Thursday, December 14, 2017

Etiquette of Royal Court Precedency

Consuelo Spencer-Churchill, Duchess of Marlborough, was a member of the prominent American Vanderbilt family. Her marriage to Charles Spencer-Churchill, 9th Duke of Marlborough became an international symbol of the socially advantageous, but loveless, “Dollar Princess” marriages, which were so common during the Gilded Age.

The new Duchess of Marlborough takes the lead in the order of precedency at Court. According to English Court etiquette, women take the same rank as their husbands or brothers. The order of precedency is as follows down to Dukes: The Sovereign, the Prince of Wales, the Queen's younger sons, grandsons of the Sovereign, Archbishop of Canterbury, the Lord High Chancellor, Archbishop of York, Lord President of the Council, the great Lord Chamberlain, the Earl Marshal.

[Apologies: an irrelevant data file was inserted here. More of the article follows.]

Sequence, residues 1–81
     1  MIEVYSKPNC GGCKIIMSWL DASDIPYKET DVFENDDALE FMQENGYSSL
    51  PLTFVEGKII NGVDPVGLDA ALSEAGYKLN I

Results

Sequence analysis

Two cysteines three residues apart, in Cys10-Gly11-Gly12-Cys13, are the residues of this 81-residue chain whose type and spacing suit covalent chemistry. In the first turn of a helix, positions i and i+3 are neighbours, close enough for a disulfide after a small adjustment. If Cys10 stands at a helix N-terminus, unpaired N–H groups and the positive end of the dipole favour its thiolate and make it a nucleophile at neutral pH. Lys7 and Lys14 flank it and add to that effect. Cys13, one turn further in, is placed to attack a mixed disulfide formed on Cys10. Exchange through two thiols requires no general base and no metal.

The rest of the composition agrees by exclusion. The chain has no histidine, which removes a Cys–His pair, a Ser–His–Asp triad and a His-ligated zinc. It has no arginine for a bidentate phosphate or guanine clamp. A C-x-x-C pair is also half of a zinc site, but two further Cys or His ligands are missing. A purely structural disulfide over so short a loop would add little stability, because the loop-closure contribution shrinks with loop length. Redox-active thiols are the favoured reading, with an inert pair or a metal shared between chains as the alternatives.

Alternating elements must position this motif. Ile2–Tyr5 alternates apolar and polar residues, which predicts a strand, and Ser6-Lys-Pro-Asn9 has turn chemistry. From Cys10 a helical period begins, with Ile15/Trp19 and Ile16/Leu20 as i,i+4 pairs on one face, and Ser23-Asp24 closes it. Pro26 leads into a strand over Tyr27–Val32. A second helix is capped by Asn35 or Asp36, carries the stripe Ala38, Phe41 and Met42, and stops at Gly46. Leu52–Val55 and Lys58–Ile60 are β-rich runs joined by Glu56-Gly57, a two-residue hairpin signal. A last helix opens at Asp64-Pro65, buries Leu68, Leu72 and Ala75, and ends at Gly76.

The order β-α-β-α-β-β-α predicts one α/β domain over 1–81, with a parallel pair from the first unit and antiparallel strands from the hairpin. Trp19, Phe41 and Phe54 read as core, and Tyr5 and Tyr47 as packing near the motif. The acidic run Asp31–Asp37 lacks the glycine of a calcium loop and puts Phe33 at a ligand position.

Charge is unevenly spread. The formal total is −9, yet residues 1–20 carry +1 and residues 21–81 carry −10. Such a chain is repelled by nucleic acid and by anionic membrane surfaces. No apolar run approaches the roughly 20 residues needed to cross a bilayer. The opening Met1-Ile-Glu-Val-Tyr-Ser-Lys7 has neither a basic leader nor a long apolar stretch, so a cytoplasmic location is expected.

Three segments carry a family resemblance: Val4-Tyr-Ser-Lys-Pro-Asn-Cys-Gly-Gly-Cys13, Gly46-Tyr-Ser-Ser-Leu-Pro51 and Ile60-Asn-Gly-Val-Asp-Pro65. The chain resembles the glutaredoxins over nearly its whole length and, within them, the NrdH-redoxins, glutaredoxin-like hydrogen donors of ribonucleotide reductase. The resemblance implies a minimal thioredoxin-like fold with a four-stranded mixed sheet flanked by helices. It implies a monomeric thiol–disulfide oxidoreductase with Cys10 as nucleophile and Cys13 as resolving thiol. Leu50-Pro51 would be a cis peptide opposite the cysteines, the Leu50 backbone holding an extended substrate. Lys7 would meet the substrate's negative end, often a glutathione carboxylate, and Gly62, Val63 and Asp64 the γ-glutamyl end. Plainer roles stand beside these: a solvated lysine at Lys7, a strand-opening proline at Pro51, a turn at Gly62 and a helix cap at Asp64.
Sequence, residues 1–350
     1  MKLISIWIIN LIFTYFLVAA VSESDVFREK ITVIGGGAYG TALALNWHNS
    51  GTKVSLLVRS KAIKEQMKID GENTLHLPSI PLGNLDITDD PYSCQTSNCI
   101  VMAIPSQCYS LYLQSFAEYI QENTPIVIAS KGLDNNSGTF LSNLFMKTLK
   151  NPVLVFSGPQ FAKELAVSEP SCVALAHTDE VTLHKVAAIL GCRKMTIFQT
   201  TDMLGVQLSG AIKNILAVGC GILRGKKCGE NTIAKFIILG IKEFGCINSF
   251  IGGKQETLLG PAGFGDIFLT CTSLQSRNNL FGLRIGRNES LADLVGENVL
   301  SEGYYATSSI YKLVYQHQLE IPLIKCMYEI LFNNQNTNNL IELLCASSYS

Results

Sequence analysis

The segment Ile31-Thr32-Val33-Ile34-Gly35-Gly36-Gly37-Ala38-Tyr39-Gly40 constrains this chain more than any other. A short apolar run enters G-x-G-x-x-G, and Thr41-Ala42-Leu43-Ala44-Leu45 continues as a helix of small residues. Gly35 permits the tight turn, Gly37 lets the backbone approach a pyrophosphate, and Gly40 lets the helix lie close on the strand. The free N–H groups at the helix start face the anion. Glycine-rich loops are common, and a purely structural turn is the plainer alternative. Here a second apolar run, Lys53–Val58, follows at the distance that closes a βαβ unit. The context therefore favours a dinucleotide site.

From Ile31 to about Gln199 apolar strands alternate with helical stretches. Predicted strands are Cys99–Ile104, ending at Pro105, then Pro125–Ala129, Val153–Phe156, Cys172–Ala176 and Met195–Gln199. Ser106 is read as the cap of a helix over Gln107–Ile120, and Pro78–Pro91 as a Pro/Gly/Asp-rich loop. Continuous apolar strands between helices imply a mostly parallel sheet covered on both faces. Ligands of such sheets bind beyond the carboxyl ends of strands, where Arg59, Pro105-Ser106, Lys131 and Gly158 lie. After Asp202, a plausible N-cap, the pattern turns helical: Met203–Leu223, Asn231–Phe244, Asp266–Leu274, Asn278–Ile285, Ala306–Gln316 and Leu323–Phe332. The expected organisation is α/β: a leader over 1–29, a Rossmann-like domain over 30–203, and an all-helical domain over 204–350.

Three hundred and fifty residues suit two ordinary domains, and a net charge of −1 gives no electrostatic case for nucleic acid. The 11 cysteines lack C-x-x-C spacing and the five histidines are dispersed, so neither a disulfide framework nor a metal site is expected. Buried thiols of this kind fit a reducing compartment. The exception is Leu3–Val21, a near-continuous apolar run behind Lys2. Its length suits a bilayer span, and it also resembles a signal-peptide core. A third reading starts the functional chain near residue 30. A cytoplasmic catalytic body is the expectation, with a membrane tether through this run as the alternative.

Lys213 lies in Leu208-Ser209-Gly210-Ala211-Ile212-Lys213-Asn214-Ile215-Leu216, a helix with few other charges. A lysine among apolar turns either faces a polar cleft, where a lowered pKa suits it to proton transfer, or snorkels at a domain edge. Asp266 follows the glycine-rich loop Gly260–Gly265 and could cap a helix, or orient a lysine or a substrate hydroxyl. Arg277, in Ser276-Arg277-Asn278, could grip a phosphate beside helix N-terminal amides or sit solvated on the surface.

The last four named rank above all peers of their own degree; Dukes according to their patent of creation (1, Dukes of England; 2, of Scotland; 3, of Great Britain; 4, of Ireland). 

The following is the date of creation of twelve of the twenty-two Dukes:

  • Marlborough, 1702; 
  • Brandon, 1711:
  • Portland, 1716;
  • Manchester, 1719;  
  • Newcastle 1756; 
  • Northumberland, 1766; 
  • Cumberland 1799;
  • Wellington, 1814; 
  • Sutherland, 1833; 
  • Westminster, 1874; 
  • Fife, 1889; and 
  • Argyll, 1892
                         From the San Francisco Call, 1895

Etiquette Enthusiast, Maura J. Graber, is the Site Editor for the Etiquipedia© Etiquette Encyclopedia  

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